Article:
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Roofing Services

Complete Tear-offs

Complete tear-offs are necessary on roofs with more than one layer of shingles. Extra care should be given to the surrounding environment to protect landscaping, plants, bushes and flowers. Tarps should always be used on steep pitch tear-offs. (see articles page for more information on tear-offs.)

New Roofs

Sunrise Roofing offers new roof services as well. We can handle every phase of roofing your new home construction project or just the shingle application portion. From framing to sheeting, Fascia to drip edge, felt to shingles, ridge vent and more. We do it all.

EPDM Rubber Membranes

Black EPDM (Ethylene Propylene Diene Monomer) has been used extensively (billions of sq feet in service) in roofing applications since the 1960s and has survived the world’s toughest climates for over 30 years. Black EPDM roofing membrane is a flexible rubber material available in 45 mil (about the thickness of a dime), 60 mil (about the thickness of a quarter) and 90 mil (about the thickness of two dimes). With its superior flexibility and high strength, EPDM can easily contour to unusual roof shapes. Black EPDM carries a 20 year manufacturer’s warranty against weatherability and factory defects.

A study by ERM in 2004 evaluated 33 EPDM roofs in 9 states that had been in place for 16–26 years. “In all cases, the membranes were found to be watertight and functional with no obvious effect from long-term exposure to water, ultraviolet radiation, ozone, heat and thermal cycling.” [Professional Roofing Magazine, March, 2005]
“Unlike with roll roofing, we’ve never been called back for a rubber-roof job that leaked, even on oceanfront projects that experience gale-force winds on a regular basis,” declare contractors Rick Arnold and Mike Guertin, authors of “Installing a Rubber Roof” (Fine Homebuilding, January, 1998). White on Black EPDM has been installed on RV's since 1983. Due to low maintenance, ease of repair, clean appearance, noise insulation, and temperature insulation, white on black EPDM roofing membranes are now standard on 3 out of 4 new RV's. Now the energy efficiency of white on black EPDM has been discovered for uses such as house boat roofs, mobile home roofs, and residential flat or low pitched house roofs. Note: White on black EPDM membrane is not designed for heavy foot traffic. White on Black EPDM roofing membrane is a flexible rubber material available in 40 mil (about the thickness of a dime). With its superior flexibility and high strength, EPDM can easily contour to unusual roof shapes. White on Black EPDM is sold in sheets 10’ wide and up to 100’ long, and can be seamed for wider applications. White on Black EPDM carries a 5 year manufacturer's warranty against weatherability and factory defects (chalking not included).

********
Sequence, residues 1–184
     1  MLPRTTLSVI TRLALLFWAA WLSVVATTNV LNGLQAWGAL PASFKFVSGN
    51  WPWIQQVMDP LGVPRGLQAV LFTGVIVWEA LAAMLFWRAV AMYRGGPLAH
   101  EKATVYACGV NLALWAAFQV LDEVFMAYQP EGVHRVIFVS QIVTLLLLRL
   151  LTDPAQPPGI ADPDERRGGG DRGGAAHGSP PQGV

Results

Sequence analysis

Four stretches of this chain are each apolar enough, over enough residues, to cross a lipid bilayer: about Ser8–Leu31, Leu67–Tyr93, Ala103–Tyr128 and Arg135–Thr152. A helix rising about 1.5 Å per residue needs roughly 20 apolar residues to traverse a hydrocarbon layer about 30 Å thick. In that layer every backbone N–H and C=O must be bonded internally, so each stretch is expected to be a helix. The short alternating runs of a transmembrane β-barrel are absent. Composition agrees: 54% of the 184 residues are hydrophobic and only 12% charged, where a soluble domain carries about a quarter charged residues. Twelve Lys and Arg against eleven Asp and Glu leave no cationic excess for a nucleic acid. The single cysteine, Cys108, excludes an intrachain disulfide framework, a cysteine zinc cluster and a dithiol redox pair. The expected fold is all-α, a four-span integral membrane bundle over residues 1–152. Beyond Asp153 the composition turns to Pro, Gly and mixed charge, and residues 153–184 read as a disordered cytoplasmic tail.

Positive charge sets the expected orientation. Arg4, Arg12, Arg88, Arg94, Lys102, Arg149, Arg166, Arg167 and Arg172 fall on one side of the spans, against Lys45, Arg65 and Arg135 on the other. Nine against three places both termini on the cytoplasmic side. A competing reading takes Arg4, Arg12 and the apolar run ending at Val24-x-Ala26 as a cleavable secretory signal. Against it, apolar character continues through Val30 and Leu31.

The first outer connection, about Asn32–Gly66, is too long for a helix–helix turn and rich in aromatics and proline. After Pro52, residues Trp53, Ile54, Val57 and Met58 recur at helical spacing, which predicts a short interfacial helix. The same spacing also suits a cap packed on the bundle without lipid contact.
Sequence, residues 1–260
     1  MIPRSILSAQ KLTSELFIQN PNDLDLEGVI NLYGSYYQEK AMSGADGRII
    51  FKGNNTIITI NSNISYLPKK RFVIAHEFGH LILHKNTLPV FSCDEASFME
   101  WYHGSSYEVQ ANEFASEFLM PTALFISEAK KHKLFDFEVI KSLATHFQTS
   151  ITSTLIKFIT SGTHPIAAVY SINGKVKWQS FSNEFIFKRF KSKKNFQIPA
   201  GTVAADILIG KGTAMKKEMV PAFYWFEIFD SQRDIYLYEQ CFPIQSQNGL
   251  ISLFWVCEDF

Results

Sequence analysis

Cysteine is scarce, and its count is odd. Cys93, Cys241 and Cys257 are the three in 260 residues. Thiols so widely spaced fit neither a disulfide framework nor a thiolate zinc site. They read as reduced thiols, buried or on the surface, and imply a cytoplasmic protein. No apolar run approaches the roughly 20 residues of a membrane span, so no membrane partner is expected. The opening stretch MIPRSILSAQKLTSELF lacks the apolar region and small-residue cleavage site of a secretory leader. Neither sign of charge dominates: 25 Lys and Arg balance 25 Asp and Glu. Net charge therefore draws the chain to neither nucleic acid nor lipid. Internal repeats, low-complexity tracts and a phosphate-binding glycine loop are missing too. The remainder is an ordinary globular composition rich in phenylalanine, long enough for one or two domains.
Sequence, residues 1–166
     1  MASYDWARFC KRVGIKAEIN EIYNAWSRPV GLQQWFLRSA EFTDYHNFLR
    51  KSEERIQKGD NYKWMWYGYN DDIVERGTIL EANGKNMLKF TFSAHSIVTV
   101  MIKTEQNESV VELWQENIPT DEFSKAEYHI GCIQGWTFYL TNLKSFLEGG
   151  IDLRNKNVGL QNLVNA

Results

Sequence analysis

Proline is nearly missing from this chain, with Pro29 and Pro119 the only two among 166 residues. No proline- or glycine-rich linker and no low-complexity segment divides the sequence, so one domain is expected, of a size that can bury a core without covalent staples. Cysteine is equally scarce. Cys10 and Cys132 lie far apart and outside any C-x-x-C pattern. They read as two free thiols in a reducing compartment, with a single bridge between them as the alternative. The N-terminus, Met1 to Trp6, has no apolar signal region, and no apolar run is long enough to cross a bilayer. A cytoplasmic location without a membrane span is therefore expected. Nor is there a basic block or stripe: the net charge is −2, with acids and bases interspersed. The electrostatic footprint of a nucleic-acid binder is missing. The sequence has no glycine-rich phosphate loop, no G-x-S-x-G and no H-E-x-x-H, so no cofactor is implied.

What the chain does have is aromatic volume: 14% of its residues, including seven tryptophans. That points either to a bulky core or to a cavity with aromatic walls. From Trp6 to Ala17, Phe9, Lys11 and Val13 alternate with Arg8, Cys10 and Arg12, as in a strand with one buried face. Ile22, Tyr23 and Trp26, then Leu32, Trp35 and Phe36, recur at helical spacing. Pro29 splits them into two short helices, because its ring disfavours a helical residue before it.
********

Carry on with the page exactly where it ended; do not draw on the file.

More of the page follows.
White EPDM membranes qualify for the Energy Tax Credit. See your tax advisor for details.

Chimney Flashing

Chimneys are notorious for leaking, and the culprit is almost always the sheet metal flashings. You’ll want to install new chimney flashing if it’s missing, rusted through, falling out or completely covered with roofing tar (a typical short-term fix that’s sure to be hiding bigger problems). It’s also a good time to install new flashing when you put on new shingles because you’ll want it to last as long as the new roofing (25 to 50 years).

Insurance Work

We will work closely with your insurance company to ensure that no details of your roof are overlooked. All to often homeowners are thrown a few bucks from the insurance company to satisfy their claim and the underlying problems are never addressed. We will work hard to represent you, the homeowner. After all, it’s your home and you deserve to have it repaired properly.

Shingles of all types

There are a number of things to consider when selecting a new roof system. Of course, cost and durability head the list, but aesthetics and architectural style are important, too. The right roof system for your home or building is one that balances these five considerations. The following roofing products commonly are used for steep-slope structures.

Asphalt shingles possess an overwhelming share of the U.S. steep-slope roofing market and can be reinforced with organic or fiberglass materials. Although asphalt shingles reinforced with organic felts have been around much longer, fiberglass-reinforced products now dominate the market.